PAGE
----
Monterey, Calif., Mar 7, 2021 / 14:01 pm
A Catholic group has received a large grant to restore one of the oldest California missions and to provide a place for tourists to examine the state’s religious and cultural history.
In February, Carmel Mission Foundation received a $1,800,000 grant for the Downie Museum and Basilica Forecourt Restoration, which seeks to rejuvenate the Mission San Carlos Borromeo de Carmelo located in Carmel, Calif., about five miles south of Monterey.
The project is scheduled to be completed by the fall in time to commemorate the 250th anniversary of the mission’s establishment. The grant was issued by the Hind Foundation, which provides non-profit organizations with the resources and tools to help restore monumental structures.
Linda Gardner, office manager for the Carmel Mission Foundation, emphasized the mission’s historical significance and value to the community.
“The Carmel Mission Basilica and Museums draw over 300,000 visitors annually, of all ages, races, ethnicity, genders, and religious backgrounds. As the burial place of one of America’s founding fathers, Saint Junipero Serra, Carmel Mission is a place of significant national and international historical importance for both religious and secular alike,” she told CNA.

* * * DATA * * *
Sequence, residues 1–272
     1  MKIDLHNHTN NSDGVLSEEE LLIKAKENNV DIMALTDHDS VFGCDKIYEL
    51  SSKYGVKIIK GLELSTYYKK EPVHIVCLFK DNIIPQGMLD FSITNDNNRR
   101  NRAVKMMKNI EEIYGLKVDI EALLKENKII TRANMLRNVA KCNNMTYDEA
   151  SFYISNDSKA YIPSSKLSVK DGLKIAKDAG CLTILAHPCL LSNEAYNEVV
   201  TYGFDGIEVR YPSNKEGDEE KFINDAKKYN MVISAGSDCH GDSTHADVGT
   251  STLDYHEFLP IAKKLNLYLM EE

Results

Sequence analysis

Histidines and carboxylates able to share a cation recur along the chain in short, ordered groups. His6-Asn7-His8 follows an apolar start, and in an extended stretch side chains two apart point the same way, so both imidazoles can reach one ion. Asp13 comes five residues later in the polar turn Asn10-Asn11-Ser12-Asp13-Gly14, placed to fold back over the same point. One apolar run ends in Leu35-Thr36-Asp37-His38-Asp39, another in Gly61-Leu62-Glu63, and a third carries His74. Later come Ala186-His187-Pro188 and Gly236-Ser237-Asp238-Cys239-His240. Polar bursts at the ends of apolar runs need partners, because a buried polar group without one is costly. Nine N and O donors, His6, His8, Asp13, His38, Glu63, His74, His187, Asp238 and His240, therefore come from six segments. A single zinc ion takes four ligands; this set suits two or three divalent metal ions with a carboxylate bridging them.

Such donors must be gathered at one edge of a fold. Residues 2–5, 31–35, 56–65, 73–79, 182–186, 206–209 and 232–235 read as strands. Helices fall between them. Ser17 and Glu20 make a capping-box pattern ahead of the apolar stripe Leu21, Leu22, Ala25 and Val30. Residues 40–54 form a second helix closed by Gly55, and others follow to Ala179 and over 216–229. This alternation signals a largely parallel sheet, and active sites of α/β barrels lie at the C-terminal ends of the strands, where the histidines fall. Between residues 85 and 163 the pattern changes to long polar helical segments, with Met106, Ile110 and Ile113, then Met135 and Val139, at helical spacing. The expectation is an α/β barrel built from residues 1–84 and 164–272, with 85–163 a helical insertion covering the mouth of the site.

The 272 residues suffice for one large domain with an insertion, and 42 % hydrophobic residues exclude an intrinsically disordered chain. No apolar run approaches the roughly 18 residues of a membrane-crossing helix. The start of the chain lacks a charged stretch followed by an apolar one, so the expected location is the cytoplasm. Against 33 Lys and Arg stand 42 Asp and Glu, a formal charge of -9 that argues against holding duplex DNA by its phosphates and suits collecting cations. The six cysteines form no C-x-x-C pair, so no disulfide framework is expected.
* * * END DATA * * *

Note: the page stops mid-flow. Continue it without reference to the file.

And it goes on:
The grant will be used to update according to state regulations, reinforce deteriorating structures, and restore the 100-year-old adobe museum and the main courtyard entrance of the Carmel Mission.
In the museum, the project will install new electrical, lighting, and fire suppression. It will also augment the museum’s masonry, which needs to be seismically strengthened in accordance with state law to protect the structure from earthquakes.
The main visitor restrooms will be relocated and removed from the original structure, restoring the adobe’s original floor plan. The museum’s exhibit space will then be doubled.